Professor Catherine Johnson Awarded Killam Research Prize
The Department is pleased to announce that Professor Catherine Johnson has been awarded the Killam Research Prize, an award which recognizes the outstanding research contributions of faculty from across all disciplines. Prize recipients are celebrated for creating and disseminating knowledge that has a global impact.
Dr. Johnson’s work is more than global, and focuses on the history and evolution of terrestrial planets – namely, Mercury, Mars and Venus. She uses remotely-sensed geophysical data to better understand the history and evolution of terrestrial planets, and has worked on several NASA planetary missions, including the Mars InSight mission and the Mercury MESSENGER mission. Her current work aims to understand the magnetic fields of Mercury and Mars, including when and why they formed, their current state, and how the fields interact with the solar wind. “A huge unknown” she explains, “is the level to which magnetic fields protect a planet’s atmosphere from space weather”, a question with implications for human space exploration and habitability in this solar system and beyond.
Her work also focuses on planetary evolution and internal structure, and what that means for current planetary seismic and volcanic activity. Dr. Johnson works with a wide range of remotely sensed data, including altimetry, radar and gravity measurements. Data is collected by lightweight, low-power, instruments specifically designed to resist the challenges of operating in space.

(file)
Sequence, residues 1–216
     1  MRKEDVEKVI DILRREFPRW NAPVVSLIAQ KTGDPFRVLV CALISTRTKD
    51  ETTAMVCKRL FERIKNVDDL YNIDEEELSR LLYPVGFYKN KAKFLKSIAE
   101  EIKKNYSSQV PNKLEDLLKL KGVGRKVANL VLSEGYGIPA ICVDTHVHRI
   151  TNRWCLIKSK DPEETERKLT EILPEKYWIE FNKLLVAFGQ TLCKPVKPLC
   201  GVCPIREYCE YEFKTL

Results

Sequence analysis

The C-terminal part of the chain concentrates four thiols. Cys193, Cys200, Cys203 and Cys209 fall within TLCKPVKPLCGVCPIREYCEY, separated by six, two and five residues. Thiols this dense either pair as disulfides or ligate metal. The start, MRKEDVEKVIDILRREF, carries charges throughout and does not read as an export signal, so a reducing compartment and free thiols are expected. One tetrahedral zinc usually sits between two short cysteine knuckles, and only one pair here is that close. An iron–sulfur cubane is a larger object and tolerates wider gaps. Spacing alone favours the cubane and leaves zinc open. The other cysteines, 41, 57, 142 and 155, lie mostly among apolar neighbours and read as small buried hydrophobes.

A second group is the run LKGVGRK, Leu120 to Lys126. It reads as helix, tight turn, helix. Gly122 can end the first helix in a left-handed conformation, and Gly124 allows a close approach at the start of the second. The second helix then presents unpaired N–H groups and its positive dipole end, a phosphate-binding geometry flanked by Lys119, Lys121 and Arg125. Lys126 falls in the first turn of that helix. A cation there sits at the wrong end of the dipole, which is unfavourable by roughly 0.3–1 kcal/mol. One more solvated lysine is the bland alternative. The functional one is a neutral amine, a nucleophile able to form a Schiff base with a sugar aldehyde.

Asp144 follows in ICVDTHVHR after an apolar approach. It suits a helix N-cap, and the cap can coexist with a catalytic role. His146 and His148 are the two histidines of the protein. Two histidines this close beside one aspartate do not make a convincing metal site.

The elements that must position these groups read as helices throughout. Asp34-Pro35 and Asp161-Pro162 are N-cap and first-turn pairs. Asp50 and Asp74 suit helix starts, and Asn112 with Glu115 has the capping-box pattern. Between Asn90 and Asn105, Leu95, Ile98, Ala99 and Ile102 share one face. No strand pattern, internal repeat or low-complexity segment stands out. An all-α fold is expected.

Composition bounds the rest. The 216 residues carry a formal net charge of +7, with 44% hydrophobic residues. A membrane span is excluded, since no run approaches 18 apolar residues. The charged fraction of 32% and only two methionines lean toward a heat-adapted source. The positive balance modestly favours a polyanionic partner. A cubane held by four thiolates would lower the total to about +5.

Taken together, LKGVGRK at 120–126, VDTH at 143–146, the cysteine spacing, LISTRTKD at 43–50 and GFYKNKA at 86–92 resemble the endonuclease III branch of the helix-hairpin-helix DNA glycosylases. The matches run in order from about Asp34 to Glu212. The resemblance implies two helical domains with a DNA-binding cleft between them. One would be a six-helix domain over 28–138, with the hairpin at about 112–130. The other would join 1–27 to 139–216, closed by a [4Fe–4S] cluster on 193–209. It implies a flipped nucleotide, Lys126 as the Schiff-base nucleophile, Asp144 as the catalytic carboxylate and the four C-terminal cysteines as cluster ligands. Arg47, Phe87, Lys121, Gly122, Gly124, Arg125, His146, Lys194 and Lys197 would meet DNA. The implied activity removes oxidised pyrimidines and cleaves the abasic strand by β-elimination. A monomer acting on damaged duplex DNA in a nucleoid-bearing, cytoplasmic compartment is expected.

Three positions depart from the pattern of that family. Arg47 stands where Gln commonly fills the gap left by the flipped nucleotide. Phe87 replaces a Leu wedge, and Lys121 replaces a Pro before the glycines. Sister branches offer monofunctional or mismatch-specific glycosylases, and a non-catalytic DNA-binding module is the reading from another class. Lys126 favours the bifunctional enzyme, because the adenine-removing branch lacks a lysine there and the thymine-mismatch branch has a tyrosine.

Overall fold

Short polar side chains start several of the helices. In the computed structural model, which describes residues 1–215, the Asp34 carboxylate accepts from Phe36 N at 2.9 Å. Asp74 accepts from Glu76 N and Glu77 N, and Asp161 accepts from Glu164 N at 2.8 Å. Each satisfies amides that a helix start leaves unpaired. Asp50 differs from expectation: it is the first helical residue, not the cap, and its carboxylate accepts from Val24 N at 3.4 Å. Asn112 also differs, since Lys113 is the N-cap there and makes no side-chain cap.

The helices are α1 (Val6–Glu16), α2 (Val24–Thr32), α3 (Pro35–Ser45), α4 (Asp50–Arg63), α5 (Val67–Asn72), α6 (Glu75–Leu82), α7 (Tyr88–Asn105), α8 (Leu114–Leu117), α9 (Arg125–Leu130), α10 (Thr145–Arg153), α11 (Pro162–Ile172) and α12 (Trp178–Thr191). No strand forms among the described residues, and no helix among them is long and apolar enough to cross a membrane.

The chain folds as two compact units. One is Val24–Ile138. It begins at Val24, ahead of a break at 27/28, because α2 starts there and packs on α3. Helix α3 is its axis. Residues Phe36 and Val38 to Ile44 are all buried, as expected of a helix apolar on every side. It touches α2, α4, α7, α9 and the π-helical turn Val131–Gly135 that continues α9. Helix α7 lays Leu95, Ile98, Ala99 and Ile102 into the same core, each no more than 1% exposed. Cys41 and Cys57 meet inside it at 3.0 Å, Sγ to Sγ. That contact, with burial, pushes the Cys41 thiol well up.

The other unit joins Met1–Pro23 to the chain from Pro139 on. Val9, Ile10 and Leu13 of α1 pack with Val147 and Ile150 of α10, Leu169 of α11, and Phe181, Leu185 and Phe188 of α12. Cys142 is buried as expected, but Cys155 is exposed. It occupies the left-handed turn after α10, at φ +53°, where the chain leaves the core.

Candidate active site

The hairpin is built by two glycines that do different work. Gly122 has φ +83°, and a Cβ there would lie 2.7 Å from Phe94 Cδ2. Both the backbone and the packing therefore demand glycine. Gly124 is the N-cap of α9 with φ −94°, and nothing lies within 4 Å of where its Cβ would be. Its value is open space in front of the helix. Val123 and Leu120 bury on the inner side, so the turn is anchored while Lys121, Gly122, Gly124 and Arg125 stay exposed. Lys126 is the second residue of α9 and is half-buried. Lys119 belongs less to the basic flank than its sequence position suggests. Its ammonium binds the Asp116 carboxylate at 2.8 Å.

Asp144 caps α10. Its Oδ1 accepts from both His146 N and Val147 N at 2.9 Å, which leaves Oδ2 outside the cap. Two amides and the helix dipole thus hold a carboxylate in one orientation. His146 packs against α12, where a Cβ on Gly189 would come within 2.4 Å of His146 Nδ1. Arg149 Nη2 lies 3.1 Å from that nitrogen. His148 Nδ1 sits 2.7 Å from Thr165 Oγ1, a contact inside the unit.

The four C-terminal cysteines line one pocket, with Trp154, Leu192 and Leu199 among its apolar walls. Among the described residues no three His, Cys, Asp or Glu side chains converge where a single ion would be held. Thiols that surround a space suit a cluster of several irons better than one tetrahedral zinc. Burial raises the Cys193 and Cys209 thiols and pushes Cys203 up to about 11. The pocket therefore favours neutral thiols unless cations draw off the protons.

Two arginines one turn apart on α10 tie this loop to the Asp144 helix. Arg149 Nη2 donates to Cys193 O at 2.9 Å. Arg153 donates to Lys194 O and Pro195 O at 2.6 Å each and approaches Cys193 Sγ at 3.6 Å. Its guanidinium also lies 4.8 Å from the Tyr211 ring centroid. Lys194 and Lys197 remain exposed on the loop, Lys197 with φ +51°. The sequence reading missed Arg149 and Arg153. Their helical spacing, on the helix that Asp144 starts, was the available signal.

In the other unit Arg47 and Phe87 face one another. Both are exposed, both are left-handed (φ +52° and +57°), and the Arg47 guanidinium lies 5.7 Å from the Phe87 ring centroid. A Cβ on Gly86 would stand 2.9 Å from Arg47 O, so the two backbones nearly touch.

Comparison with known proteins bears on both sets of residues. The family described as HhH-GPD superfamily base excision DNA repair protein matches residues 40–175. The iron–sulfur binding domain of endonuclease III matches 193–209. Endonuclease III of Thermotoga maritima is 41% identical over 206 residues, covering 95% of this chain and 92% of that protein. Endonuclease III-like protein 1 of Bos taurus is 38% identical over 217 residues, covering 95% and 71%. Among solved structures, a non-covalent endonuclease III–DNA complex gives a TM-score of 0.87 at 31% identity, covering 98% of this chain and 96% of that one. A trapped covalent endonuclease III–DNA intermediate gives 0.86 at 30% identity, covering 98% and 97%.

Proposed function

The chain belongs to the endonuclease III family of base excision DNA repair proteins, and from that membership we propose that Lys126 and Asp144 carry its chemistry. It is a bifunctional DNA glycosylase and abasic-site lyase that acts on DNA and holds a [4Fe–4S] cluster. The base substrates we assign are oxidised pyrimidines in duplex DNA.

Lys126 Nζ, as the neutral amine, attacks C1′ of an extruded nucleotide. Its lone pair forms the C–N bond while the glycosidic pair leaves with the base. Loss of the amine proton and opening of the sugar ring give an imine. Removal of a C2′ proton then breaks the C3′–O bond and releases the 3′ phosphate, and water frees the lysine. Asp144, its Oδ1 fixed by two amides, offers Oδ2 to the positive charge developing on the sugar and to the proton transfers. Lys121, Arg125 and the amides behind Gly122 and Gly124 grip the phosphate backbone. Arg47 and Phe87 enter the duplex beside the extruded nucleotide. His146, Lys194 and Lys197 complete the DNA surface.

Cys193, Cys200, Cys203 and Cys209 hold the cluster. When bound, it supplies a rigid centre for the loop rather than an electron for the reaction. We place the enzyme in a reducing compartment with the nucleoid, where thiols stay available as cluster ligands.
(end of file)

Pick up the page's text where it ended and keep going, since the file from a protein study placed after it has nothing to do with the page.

“You’re required to be very creative, in a responsible way” she says of the intrinsic limitations on data quality and availability. Leaps and bounds in instrument technology between missions means that new data can improve on in resolution by an order of magnitude or more, revealing in detail features that may have previously taken up only a handful of pixels. “I love it; with each new mission to a planet or moon or asteroid you almost always see something unexpected.”
Looking forward, Professor Johnson is excited for multiple upcoming missions to Venus which will collect data on the composition and structure of the planet’s atmosphere and surface. She plans to answer questions about Venus’ suspected volcanic and tectonic activity using data previously shrouded from view by the planet’s thick, toxic atmosphere. “Venus was my first planet” she says, referring to the geophysical work she did on the planet during her PhD and postdoctoral studies. “It is so different from the Earth in so many ways, but would look equally habitable to our planet from a galaxy away – why is that?”
Though not directly involved in the upcoming missions, Dr. Johnson will have access to the resulting publicly available data. With datasets so sparse and expensive to obtain, collaboration is a driving force in propelling the field of planetary science forward. She stresses the key role it has played in her research group’s success: “this award is an honour, and it’s not about me; its about the people who I’ve had the privilege to work and collaborate with.”
Professor Johnson (2nd from right) and recent research group members Megan Russell, Anna Mittelholz, Anna Grau, and Georgia Peterson at the Lunar and Planetary Sciences Conference